|As an Actor||Supporting||16||$2,050,419,235||$2,513,658,288||$4,564,077,523|
|Lead Ensemble Member||7||$230,667,619||$340,302,062||$570,969,681|
|Best known as an Actor based on credits in that role in 64 films, with $6,427,216,455 worldwide aggregate box office (rank #84)|
|Best-Known Acting Roles: Haymitch Abernathy (The Hunger Games: Catching Fire), Haymitch Abernathy (The Hunger Games), Haymitch Abernathy (The Hunger Games: Mockingjay - Part 1), Haymitch Abernathy (The Hunger Games: Mockingjay - Part 2), Charlie Frost (2012)|
|Most productive collaborators: Jennifer Lawrence, Josh Hutcherson, Liam Hemsworth, Gary Ross, Suzanne Collins|
March 28th, 2016
The Hunger Games franchise has come to a close. The four films earned a combined $1.45 billion domestically and $2.90 billion worldwide. The final two chapters of the film franchise didn't live up to the first two in terms of quality and box office numbers. Did it collapse so much in quality that the franchise isn't worth owning? If not, is it worth picking up, even with the double-dips?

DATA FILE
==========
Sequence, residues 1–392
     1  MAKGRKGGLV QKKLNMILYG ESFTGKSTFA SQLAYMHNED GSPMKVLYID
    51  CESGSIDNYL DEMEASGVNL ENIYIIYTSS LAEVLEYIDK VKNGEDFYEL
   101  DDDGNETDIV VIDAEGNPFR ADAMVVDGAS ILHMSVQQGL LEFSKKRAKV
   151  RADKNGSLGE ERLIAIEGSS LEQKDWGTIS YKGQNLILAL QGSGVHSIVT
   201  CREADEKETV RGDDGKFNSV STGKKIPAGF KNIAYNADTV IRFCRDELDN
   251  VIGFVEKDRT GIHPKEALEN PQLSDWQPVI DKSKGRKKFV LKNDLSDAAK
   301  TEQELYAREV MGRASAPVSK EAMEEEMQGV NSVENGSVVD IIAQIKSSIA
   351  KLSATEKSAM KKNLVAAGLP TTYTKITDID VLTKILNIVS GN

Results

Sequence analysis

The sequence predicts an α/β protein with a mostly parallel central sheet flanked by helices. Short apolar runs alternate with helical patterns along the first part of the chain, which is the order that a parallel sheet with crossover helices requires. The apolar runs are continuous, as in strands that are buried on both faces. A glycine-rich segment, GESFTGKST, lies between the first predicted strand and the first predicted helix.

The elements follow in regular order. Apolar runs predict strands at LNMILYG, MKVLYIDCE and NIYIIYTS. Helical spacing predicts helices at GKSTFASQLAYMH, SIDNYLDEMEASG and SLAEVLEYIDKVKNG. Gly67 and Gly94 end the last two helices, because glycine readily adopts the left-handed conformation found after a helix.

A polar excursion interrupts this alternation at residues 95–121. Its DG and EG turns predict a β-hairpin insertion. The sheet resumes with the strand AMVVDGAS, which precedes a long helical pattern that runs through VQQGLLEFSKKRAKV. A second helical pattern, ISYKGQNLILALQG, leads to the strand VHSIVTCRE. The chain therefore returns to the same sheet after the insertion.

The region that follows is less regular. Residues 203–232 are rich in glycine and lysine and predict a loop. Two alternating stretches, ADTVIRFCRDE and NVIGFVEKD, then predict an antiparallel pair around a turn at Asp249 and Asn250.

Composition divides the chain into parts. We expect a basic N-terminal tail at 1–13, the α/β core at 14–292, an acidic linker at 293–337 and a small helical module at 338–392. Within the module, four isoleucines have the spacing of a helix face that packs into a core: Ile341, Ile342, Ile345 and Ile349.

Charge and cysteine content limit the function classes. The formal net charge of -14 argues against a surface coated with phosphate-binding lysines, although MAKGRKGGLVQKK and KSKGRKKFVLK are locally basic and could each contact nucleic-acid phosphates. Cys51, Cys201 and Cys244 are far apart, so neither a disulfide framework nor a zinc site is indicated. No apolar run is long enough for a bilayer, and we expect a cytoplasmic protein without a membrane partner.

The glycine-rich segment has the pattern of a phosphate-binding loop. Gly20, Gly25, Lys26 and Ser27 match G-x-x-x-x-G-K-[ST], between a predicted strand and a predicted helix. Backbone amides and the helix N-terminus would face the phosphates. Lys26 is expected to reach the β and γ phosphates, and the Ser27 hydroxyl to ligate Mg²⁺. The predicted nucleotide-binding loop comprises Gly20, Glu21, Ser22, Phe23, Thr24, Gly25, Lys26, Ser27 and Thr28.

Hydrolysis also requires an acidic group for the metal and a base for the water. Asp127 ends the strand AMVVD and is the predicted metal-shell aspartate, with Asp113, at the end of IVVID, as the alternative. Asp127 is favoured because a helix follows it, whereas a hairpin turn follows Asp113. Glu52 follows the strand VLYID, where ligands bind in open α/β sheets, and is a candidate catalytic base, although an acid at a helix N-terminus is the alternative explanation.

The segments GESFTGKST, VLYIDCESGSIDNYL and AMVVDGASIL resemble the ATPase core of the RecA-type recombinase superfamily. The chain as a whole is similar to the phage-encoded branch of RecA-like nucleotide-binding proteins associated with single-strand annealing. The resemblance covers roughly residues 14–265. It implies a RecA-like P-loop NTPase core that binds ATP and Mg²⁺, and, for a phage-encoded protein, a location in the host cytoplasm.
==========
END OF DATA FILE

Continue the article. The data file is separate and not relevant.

February 1st, 2016
As expected, January was dominated by holdovers with Star Wars: The Force Awakens and The Revenant leading the way. That's not to say there were no new releases that did well, as Ride Along 2 and Kung Fu Panda 3 were hits with moviegoers. Looking forward, there is only one film that looks like a sure hit, Deadpool. There's a slim chance it could be a surprise $200 million hit. There's a much better chance it will be the only $100 million hit. Conversely, last February started with a $100 million hit coming out, The SpongeBob Movie: Sponge Out of Water, while there were two other $100 million movies to come out that month, Fifty Shades of Grey and Kingsman: The Secret Service. Looks like 2016 is going to lose in the year-over-year comparison.
October 31st, 2014